Over the past several years, I have witnessed training schools moving from a more traditional style of teaching that mostly focused on either a blackboard or whiteboard, to using modern multimedia content and interactive whiteboards. However, when I started teaching, almost 8 years ago now, I learned to teach my classes only with a board and the occasional PowerPoint presentation.
Despite being a tech-savvy guy, it took me a while to get comfortable with using interactive whiteboards and I still, to this day, teach more than half of my lessons using the whiteboards. It is a habit, at this point, because this is how I got into teaching in the first place, but it is also because I feel like children and students spend enough time looking at computer screens already, and I can teach entertaining classes without having to turn on a computer. Also, I also like being prepared if the computer doesn’t work, the software doesn’t load, or another problem keeps you from using the interactive board.
A critical element that I paid a lot of attention to, during my own teacher training was board order. I think board order is included in pretty much every TEFL program today, but it is something that I think many teachers, new and experienced alike, tend to pay less attention to. But for me, board order is just as important to teach a class, as it is sketching out my PowerPoint presentation before I start making it. It gives me an idea of how my lesson is going to progress and transition between steps of your lesson.
By including board order in your lesson planning, you can reduce the time it takes you to get the information you want on the whiteboard, it reduces unnecessary erasing and re-writing, which will, in turn, help your class to flow better. As a teacher, you are engaging in a sort of public speaking, and one of the critical rules of speaking to an audience (your students) is that you have to face them. Talking into the whiteboard dramatically reduces the students’ ability to hear you, and the more time you have to spend facing the board, the less time you have to interact with your students. Also, what are your students doing while you’re writing on the board? Most likely, they’re doing nothing which is precious seconds taken away from your class time.
Many teachers put a lot of thought into how they progress through their lesson plans, their instructions, gestures, target language, and teaching aids. But less focus is being put on how you put all that information on the board.
If you know, that you will need to have your target sentence structure on the board, along with flashcards for an activity or a game, try to plan how you want it presented to the students so that they understand it. Make sure that, by the time you want to put up your flashcards, you do not need to spend 15-20 seconds erasing the board first. You cannot entirely avoid having to erase and re-write words or phrases, but you can limit it by planning your board use along with your class.
Just like with a PowerPoint presentation, seeing your slide can often help you remember what you are going to talk about next. Including a board order drawing along with your steps in your lesson plan, can sometimes help remind you of what you’re going to do next, and often, looking at your drawing will be faster than reading your teaching steps.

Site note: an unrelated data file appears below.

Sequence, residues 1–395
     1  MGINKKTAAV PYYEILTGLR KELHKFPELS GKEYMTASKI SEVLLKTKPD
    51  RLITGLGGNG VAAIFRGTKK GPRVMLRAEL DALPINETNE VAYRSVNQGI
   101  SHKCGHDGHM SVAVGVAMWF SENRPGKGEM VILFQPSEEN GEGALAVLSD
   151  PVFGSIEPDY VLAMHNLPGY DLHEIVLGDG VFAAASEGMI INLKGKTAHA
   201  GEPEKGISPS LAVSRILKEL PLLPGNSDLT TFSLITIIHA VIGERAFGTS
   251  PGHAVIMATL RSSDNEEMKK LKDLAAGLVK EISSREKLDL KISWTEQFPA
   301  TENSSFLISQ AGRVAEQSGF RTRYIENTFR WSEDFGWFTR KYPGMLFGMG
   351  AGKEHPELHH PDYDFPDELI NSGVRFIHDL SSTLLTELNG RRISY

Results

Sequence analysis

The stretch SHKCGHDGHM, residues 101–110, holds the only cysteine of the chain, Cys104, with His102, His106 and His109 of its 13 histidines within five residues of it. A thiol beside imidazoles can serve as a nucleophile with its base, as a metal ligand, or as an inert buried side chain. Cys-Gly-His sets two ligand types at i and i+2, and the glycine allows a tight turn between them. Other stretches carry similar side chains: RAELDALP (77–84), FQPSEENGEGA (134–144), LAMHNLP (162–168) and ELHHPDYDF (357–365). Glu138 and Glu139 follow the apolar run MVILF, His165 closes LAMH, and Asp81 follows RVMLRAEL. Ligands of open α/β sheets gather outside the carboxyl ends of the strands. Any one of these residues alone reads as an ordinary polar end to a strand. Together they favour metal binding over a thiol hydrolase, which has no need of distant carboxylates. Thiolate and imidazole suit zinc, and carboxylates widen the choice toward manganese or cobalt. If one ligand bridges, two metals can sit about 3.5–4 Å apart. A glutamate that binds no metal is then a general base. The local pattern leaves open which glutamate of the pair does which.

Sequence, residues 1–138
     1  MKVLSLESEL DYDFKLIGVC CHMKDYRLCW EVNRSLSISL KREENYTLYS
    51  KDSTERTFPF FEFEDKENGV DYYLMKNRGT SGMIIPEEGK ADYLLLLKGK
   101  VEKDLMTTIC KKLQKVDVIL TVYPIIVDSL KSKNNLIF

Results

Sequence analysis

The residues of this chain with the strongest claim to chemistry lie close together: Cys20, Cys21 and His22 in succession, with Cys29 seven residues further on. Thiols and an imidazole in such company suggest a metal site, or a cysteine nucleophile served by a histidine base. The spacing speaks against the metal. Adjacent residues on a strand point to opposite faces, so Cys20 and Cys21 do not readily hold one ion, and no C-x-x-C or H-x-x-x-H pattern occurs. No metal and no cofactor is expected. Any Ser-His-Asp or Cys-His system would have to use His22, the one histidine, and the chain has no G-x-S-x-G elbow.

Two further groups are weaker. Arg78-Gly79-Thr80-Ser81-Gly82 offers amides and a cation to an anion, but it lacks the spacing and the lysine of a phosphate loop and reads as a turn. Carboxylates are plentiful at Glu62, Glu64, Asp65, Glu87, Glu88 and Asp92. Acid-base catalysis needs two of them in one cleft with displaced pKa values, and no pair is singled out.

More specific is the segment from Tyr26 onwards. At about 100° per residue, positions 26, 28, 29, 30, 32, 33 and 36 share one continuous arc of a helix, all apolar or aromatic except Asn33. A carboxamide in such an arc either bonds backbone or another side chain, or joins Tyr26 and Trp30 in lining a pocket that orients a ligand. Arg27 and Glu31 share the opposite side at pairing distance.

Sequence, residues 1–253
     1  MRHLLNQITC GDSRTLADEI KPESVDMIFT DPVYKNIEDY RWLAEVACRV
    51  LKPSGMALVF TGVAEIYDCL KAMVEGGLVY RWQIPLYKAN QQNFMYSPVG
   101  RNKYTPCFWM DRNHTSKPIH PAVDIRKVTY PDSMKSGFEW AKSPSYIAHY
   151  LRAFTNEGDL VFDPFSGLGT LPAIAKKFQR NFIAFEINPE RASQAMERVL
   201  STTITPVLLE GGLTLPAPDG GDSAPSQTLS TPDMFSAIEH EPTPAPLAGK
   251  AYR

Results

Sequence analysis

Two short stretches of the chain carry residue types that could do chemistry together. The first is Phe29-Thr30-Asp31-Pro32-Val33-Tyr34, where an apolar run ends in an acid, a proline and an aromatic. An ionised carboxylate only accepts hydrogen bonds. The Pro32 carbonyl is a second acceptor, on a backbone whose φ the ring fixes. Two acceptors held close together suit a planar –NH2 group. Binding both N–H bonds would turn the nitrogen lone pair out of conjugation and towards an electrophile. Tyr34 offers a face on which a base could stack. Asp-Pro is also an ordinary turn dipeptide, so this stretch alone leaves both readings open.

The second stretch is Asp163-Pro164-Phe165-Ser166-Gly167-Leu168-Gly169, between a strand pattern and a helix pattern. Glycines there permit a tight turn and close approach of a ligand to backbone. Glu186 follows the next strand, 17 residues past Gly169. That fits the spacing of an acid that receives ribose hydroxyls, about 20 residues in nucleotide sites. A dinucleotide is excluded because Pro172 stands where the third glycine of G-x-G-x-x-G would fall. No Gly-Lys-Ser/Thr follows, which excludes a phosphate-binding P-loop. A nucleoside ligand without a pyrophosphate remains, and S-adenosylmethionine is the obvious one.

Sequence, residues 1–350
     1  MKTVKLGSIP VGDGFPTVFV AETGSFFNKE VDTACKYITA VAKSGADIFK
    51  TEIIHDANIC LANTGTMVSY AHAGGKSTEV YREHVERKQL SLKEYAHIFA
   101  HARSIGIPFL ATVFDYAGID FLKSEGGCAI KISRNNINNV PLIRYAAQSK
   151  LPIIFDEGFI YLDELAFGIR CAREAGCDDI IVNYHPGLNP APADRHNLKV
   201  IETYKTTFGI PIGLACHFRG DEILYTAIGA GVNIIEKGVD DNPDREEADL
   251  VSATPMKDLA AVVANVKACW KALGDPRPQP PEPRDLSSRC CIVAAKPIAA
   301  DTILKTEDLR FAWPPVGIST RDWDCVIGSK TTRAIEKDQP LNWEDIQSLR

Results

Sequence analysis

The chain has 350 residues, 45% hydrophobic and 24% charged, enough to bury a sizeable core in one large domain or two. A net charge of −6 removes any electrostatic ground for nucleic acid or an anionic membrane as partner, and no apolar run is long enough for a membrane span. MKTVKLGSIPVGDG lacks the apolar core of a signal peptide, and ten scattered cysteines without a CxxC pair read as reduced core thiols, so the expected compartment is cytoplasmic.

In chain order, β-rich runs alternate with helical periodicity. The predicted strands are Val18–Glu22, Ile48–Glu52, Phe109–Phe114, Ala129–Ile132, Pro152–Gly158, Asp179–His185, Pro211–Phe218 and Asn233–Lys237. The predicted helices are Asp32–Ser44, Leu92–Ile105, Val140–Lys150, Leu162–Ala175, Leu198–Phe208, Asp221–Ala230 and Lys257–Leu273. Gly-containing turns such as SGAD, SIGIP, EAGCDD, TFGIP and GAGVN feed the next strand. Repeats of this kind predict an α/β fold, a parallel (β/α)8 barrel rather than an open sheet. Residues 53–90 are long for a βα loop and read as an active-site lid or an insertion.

Here is a quick example using vocabulary as the part of my lesson I will illustrate. Now, this is not an in-depth lesson plan but it demonstrates how I make a simple plan for using my board in advance.
I am teaching 6 new animal words, in this lesson and what I like to do, with classes like these is that I start out with a brainstorm to get the students talking, and also get a sense of what animals they already know. So the first picture (top left) is my brainstorm, using most of the board, but arranging the animals my students tell me in a grid. Now, if they happen to say one of the word I am teaching today, I write that animal in one of the 6 boxes I marked on the left. All other animals go randomly into the other boxes. This means that my vocabulary is where I want it to be, for the next step. Once I am out of spaces or (even if some of the target vocabulary is missing), I will fill out the rest of the vocabulary words and move to the presentation.
Picture two (top right) I have erased the words and boxes I don’t need, and replaced them with a larger box or drawing area that I can use for illustrating each vocabulary word as I present it, and maybe have my students think of a few adjectives to describe each animal as we talk about it. I’d have the students do a crude drawing of the animal, write the word underneath with the adjectives we all mention in class and go through the animals one by one.
Picture three (bottom left) I will stick flashcards to the board inside of the large drawing area and remove the vocabulary words from the left hand side. Now, the left side will become a list of 6 example sentences, one for each animal, that we make as a class. For example “1. Tigers are very scary”, “2. Monkeys are very naughty”, and so on.
Finally, on picture 4, the right- hand side turns into a circular target area where the students can throw a ball and select a word, and now they can use the example sentences on the left to make their own sentences with the target vocabulary.
This method and procedure is very simplified, but illustrates my use of the board and minimizing my need for erasing and re-writing words. It gives me more time to teach and to interact with the students and less time where I am turning my back to them trying to get the board cleaned up for my next part.